The big day had arrived and we were ready to go! Nothing short of a miracle. Our third of an acre was ready and waiting for the vines that would be arriving later that day. The buzz around our house was contagious. Everyone was so excited about the arrival and eventual planting of the vines. It was as if a new baby was about to be born…238 new babies to be exact!
Not quite knowing the toil and trouble that awaited them, my husband and our neighbor Kurt were eager and ready to get going. They had piled several shovels, pruning shears, and a toddler size swimming pool (to keep the vine roots wet) into an open topped trailer hitched to the back of an old Toyota 4Runner (also borrowed from a neighbor). Not a sophisticated entourage to say the least, but definitely sufficient enough to get the job done!
Upon arrival, the vineyard owners warned my husband and Kurt that the vines were already 8 years old, so they had established roots. Little did my husband and Kurt realize just HOW established the roots were. They soon found out!
Each vine required careful attention. The roots were several feet deep and the goal was to dig up as much of the root stock as possible so the vines would have a strong chance of growing in their new home. However, in order to keep the vines happy and healthy while transplanting them, the roots had to be kept wet and were therefore placed in the toddler swimming pool and carefully driven back to our house.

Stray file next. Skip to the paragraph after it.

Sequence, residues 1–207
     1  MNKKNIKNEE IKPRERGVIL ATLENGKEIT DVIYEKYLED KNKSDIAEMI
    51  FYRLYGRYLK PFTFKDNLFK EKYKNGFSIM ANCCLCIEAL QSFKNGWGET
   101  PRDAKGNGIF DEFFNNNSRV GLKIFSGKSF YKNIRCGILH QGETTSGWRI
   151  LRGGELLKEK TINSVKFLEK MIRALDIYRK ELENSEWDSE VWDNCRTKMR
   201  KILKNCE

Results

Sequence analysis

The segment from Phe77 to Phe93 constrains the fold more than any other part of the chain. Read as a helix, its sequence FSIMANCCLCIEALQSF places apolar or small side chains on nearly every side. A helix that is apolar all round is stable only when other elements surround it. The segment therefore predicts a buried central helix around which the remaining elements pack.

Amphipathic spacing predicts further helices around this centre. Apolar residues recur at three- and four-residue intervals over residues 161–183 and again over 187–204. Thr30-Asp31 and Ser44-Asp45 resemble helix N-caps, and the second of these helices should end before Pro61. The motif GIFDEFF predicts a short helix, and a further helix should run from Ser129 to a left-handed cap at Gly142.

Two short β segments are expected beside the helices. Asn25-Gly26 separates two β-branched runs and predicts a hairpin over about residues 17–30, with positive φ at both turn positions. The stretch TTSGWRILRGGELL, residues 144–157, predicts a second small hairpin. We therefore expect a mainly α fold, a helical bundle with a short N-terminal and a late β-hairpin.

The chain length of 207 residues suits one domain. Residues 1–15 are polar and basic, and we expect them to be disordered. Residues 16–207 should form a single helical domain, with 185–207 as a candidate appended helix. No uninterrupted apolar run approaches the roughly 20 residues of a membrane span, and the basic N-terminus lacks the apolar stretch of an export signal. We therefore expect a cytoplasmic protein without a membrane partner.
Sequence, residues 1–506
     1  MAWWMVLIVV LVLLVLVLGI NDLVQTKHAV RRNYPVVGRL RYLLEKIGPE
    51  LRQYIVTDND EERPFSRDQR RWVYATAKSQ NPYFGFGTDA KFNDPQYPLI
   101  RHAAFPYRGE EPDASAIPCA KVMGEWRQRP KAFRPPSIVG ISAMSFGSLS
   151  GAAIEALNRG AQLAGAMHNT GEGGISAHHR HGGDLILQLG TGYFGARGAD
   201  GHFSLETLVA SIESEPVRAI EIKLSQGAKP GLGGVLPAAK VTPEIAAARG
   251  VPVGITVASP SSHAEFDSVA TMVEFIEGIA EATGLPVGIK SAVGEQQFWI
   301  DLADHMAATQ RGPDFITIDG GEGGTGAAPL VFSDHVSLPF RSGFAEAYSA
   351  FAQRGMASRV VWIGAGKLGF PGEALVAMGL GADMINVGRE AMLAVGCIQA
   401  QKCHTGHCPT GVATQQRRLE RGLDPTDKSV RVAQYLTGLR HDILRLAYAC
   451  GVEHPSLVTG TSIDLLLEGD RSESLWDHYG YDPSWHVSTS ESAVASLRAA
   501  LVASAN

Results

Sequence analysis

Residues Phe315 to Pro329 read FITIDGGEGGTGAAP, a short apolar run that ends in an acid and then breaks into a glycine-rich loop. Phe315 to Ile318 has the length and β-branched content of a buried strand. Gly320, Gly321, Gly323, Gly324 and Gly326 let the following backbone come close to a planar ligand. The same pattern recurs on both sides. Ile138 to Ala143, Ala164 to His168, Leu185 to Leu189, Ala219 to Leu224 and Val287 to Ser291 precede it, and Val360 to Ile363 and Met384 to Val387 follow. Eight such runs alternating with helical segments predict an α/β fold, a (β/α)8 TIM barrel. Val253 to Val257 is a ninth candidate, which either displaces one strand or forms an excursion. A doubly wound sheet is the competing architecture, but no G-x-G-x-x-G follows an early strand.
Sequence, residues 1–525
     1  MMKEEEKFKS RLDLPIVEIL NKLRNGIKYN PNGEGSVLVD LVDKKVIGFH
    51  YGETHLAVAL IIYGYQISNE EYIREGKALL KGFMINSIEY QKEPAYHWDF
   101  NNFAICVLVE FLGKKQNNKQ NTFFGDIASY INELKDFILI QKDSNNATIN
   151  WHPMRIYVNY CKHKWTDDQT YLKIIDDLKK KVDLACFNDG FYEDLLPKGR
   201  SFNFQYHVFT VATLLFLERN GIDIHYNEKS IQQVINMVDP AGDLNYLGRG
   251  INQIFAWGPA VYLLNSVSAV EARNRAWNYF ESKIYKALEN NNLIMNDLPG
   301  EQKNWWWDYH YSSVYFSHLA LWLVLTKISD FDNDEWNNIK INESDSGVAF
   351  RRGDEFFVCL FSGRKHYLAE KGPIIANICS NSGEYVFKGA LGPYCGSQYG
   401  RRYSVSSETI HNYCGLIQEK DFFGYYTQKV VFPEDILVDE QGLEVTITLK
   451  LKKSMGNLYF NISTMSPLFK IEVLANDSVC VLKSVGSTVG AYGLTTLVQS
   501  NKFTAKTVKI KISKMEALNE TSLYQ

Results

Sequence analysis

Upon arrival, I quickly had to plant the vines 4 feet apart in each row with a 6 foot space between the rows, also known as 4 x 6 spacing. We had agreed upon this spacing while creating our vineyard plan. I had carefully marked the spaces with bamboo sticks that later would be used to support and train the vines. Little did we realize at the time, that the 6 foot spacing between rows was too narrow and we should have made it wider so that a small tractor could fit. Oh well, you live and learn!
Let’s talk dirt…real dirt! If you’ve ever been to the Dundee Hills AVA, the soil is primarily a reddish brown clay loam called Jory, after the Jory family who settled in the area during the mid 1800s. Jory soil is volcanic in origin and therefore, is high in iron and other minerals. Douglas Fir and hazelnut trees thrive in it and it is also the soil of choice for most grape growers in the Willamette Valley. In fact, in 2011 it was christened the state soil or Oregon. There you go…pretty important and I was covered in the stuff.
Digging in a clay-based soil during the summer months is not something I recommend. In fact, you shouldn’t plant grapevines in the summer. They should be planted in the autumn or early spring. However, did we follow the rules? No! As a result of our bad timing, the hardened ground due to a lack of rainfall made it almost impossible to dig. However, after several hours laboring under the hot sun coupled with endless trips back and forth from the vineyard, we had successfully transplanted 238 pinot noir vines. Definitely worth celebrating with a glass of Pinot Noir!!